Dee recalls how the place overflowed with clutter. Hoarded freebies, piles of magazines, and composting mounds of moldy newspaper clippings seemed to metastasize until the only place left to sit was a small spot on the bed. But most amazing to Dee was the copious collection of exotic clothing Zimmer said she had inherited from her wealthy New York employers. As word spread about South Beach's new-found chic, and Zimmer's notoriety as a palmist grew, her costumes became more flamboyant. Her favorite outfit was a straight-knit gold lame gown from the early Sixties, which she would wear with a gypsy scarf wrapped around her hair and a monkey doll draped over her shoulders.
Zimmer's apparel may have appeared shabby and stained under the harsh subtropical sunlight, but by night she cut a striking figure. "She was a little bit of a woman," Dee elaborates, "and the clothing was from all different-size people, but somehow she'd put them on. She looked wonderful. She had an unstoppable supply of dramatic, Hedy Lamarr-type costumes."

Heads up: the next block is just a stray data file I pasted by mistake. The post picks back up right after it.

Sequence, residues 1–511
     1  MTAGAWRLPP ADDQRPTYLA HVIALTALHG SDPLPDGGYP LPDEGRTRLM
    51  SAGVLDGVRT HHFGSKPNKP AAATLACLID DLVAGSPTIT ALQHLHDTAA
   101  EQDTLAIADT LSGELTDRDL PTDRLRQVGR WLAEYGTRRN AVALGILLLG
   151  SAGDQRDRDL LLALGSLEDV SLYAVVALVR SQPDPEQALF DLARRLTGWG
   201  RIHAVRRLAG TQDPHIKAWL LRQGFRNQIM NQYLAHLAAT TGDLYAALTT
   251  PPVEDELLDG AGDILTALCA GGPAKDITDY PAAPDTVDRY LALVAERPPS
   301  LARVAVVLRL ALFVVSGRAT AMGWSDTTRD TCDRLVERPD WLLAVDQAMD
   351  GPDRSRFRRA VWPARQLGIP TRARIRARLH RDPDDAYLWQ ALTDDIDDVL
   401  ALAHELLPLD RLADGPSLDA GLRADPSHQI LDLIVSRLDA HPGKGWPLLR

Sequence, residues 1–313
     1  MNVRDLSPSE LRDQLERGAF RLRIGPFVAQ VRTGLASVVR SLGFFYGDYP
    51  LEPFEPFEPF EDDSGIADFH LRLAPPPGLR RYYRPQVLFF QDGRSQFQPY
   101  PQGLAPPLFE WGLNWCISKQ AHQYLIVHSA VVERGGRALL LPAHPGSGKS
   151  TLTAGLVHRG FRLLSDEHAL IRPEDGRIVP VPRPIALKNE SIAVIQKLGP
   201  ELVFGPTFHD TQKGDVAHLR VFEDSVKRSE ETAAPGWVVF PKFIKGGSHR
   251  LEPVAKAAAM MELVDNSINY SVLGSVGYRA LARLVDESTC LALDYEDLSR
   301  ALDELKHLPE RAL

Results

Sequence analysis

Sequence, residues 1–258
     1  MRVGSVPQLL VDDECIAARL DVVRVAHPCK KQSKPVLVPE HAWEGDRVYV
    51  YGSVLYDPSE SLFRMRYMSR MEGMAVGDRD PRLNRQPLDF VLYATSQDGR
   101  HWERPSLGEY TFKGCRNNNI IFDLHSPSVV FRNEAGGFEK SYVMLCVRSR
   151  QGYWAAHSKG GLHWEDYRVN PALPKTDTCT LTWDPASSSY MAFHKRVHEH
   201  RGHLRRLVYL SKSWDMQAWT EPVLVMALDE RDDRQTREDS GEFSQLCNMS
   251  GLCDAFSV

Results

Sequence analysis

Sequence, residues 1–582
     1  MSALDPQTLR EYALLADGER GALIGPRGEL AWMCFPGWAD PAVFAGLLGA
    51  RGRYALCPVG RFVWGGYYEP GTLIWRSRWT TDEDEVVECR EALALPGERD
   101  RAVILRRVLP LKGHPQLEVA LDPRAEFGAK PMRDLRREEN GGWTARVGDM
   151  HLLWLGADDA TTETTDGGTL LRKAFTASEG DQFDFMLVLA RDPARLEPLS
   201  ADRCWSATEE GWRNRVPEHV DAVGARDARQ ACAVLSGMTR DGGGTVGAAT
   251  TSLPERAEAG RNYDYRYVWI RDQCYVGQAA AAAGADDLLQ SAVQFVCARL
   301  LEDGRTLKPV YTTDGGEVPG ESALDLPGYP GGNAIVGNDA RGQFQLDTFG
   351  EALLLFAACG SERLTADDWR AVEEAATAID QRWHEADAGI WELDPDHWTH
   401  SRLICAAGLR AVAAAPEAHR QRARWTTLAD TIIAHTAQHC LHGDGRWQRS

Zemo says that Zimmer was one of the characters who helped catapult the offbeat artistic gatherings on Ocean Drive into the cultural fast lane, and attracted national stars such as singers Patti LaBelle and Della Reese, who gave intimate impromptu performances in the Carlyle Bar & Grill while they were in town for other concerts. "Marie was a plus for the area," Zemo recalls. "She brought this energy here. People actually came just to see her. She was 83 years old and she was a trip."